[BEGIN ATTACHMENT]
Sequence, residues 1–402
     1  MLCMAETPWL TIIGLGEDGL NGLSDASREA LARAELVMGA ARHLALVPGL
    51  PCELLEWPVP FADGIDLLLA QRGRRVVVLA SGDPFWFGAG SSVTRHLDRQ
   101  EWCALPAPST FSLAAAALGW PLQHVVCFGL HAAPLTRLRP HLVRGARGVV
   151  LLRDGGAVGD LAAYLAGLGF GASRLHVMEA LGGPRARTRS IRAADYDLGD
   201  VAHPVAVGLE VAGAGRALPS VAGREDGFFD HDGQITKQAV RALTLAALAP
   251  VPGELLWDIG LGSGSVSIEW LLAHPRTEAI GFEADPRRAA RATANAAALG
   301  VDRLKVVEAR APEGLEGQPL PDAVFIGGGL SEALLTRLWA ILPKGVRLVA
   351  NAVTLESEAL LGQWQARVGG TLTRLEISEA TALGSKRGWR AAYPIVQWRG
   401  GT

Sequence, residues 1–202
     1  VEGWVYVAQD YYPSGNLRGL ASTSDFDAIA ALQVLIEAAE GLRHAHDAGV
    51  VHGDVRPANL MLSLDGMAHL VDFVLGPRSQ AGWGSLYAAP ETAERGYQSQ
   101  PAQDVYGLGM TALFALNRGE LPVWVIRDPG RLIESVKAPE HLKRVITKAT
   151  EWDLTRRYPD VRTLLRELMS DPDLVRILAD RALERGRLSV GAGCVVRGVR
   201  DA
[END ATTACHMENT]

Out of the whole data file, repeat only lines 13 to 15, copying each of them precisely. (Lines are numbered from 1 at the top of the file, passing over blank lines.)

    51  VHGDVRPANL MLSLDGMAHL VDFVLGPRSQ AGWGSLYAAP ETAERGYQSQ
   101  PAQDVYGLGM TALFALNRGE LPVWVIRDPG RLIESVKAPE HLKRVITKAT
   151  EWDLTRRYPD VRTLLRELMS DPDLVRILAD RALERGRLSV GAGCVVRGVR